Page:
Schiebel Grant Program

Schiebel Grant Program

Office of National Mission  •   The Lutheran Church—Missouri Synod

The Schiebel Grant Program is offered through The Lutheran Church—Missouri Synod’s Office of National Mission. This grant opportunity supports LCMS congregations, schools, Recognized Service Organizations (RSO), Concordia University System schools and LCMS seminaries by funding small, short-term projects that give physical, medical and spiritual support to black inner-urban residents.

The Schiebel Grant Program is funded by the Rev. Dr. William A. Schiebel Endowment fund, which is under the custodianship of the LCMS Foundation. This fund was established to give thanks for the dedicated service of this faithful Lutheran pastor and churchman. Through 50 years of parish ministry, Dr. Schiebel worked tirelessly to share the Good News of Christ Jesus with the black inner-urban community of Washington, D.C. Many times during his ministry, he had an idea or found a ministry opportunity to meet the needs of the community and open doors to share the Gospel only to have the opportunity thwarted by a lack of funding. The endowment in his name seeks to remedy this problem.

The Schiebel grant program has two paths:

Schiebel Project grants

  • Plan a project to reach and support black inner-urban residents
  • Apply online anytime
  • Awards between $1,000 and $2,000

Begin your online application

Schiebel Scholarship grants

More information is coming soon

Contact us

For questions about grants, contact or 888-THE LCMS.



Pastor Schiebel’s Biography

Rev. Dr. William A. SchiebelThe Rev. Dr. William A. Schiebel, a faithful and selfless pastor and churchman, dedicated his life to serving black and inner-city congregations, so that all people may come to hear the Gospel and be one in Christ’s church.

Schiebel was born on March 8, 1905, in Nicolet, Minn., to August and Augusta Schiebel. He was the fifth of seven children. His father, an immigrant from Saxony, Germany, was a stonemason; Schiebel grew up helping on the family farm and assisting his father with his masonry jobs.

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  • Schiebel decided to enter the pastoral ministry when he was 21. In September 1927, he enrolled at Concordia Theological Seminary, Springfield, Ill. A long list of odd jobs helped put him through seminary: a carpentry job to remodel a dormitory, chauffeuring a Seminary professor who traveled around to preach at many rural parishes, working in a pea and corn canning factory, and working as a church janitor.

    The seeds for Schiebel’s lifelong work to share the love of Christ with all people of every race and background were planted while he was at seminary. In 1927, he began attending Holy Trinity Lutheran Church in Springfield simply because it was the church closest to campus; as it turned out, Holy Trinity was an all-black congregation. Parishioners gave him a warm welcome, and the pastor, the Rev. Dr. Andrew Schulze, would be a great influence on Schiebel on the subject of race relations in the United States and in the Synod.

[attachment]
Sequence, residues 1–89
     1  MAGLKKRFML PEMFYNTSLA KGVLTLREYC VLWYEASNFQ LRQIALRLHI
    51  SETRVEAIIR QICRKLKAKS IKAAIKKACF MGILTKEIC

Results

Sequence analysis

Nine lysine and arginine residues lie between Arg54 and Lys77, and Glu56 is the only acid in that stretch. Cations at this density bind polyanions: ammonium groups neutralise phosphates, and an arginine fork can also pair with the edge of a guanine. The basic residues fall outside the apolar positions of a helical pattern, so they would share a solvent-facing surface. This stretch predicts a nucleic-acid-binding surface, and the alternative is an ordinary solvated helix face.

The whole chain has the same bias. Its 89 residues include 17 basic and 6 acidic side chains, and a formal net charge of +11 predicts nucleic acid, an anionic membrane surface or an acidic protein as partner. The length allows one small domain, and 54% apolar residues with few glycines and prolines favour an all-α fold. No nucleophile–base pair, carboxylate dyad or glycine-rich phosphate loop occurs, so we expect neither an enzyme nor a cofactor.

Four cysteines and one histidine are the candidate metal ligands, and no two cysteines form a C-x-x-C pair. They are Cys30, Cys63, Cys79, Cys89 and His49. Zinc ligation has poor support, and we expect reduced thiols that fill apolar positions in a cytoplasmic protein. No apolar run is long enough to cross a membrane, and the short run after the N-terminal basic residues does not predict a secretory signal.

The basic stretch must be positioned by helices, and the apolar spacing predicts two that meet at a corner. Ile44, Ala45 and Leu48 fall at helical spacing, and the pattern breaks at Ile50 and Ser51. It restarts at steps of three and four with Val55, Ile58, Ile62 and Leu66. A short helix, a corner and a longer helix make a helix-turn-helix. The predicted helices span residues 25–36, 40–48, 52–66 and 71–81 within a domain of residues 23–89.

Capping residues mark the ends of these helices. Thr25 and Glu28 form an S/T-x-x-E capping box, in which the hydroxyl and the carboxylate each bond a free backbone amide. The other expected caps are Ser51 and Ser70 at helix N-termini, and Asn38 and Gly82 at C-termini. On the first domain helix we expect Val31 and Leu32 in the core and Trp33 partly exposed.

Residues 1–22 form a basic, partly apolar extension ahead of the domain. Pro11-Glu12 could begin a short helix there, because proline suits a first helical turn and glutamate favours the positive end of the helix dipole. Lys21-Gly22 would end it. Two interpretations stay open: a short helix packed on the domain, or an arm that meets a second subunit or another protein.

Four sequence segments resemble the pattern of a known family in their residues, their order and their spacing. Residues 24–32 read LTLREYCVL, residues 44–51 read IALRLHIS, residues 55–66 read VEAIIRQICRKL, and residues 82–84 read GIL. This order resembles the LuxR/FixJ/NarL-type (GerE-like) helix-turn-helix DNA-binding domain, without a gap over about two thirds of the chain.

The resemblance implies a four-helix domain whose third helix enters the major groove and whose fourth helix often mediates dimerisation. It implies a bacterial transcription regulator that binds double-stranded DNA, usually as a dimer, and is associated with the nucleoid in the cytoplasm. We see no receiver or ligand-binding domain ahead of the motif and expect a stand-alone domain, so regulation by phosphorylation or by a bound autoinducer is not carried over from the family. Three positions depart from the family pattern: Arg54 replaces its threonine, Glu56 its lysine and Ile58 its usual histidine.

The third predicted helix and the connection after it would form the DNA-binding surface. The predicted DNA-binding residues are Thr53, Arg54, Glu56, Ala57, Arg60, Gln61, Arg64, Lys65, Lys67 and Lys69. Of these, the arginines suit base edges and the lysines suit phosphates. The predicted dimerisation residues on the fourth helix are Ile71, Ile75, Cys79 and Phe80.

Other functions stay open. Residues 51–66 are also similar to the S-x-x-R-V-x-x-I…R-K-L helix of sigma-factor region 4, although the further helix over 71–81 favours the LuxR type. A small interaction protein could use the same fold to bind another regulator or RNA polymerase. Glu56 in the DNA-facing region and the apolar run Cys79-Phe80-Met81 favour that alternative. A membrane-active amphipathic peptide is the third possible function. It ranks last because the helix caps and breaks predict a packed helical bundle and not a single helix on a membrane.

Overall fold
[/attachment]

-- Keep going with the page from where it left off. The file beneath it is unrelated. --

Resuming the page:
After Schiebel graduated from seminary in 1933, he took his first call to St. Phillip’s Lutheran Church in St. Louis, where Schulze was now serving. Then, in 1934, he married Clara Brandt and took another call to the congregation where he had served his vicarage: Mount Olivet Lutheran Church in Washington, D.C. Schiebel would go on to serve the black community of Mount Olivet and the surrounding city neighborhoods for the next 60 years.

    Schiebel was called to be both parish pastor and neighborhood missionary, and he was untiring in his efforts to feed the sheep of Mount Olivet and preach the Gospel of Christ to everyone in the surrounding community.

    When Schiebel was installed, Mount Olivet did not yet have its own building, so on Sunday mornings, they met at the Phyllis Wheatley YWCA for church services. In 1941, Mount Olivet purchased its own building and came into its own as a focal point of the community.

    With the onset of World War II, Washington D.C. experienced an influx of young black people who moved there for government or military service. Schiebel, who became affectionately known as “Pastor Bill,” and Clara organized a “Young People’s Organization” that would provide a place for young people to gather and socialize in the evenings after work. On the weekends, they provided additional activities to build community among these young people. From this outreach, many lifelong friendships were formed, and many young people heard the Gospel.

    In the 1960s and 1970s, members at Mount Olivet were active in the Civil Rights Movement. In 1963, Mount Olivet held a worship service prior to the historic March on Washington, led by the Rev. Dr. Martin Luther King, Jr. Amidst the riots that followed King’s assassination in 1968, Mount Olivet members provided food and shelter for those affected.

    In addition to his work as pastor and missionary, Schiebel frequently lectured on race relations at colleges and schools in the area. He also served on various committees and counsels in Washington D.C. dedicated to civic and humanitarian service. According to Schiebel, the most exciting experience of his ministry came in March 1980, when the Black Lutheran Ministry Commission asked him to deliver a lecture on black ministry to the students and faculty of Concordia Seminary, St. Louis.

    Schiebel served for 50 years as pastor of Mount Olivet, and continued on as pastor emeritus for another nine years. He fell asleep in Christ in 1997.

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The Lutheran Church—Missouri Synod Inc., including Mission Central (in Mapleton, Iowa), is an IRS registered 501(c)(3) tax-exempt charity.

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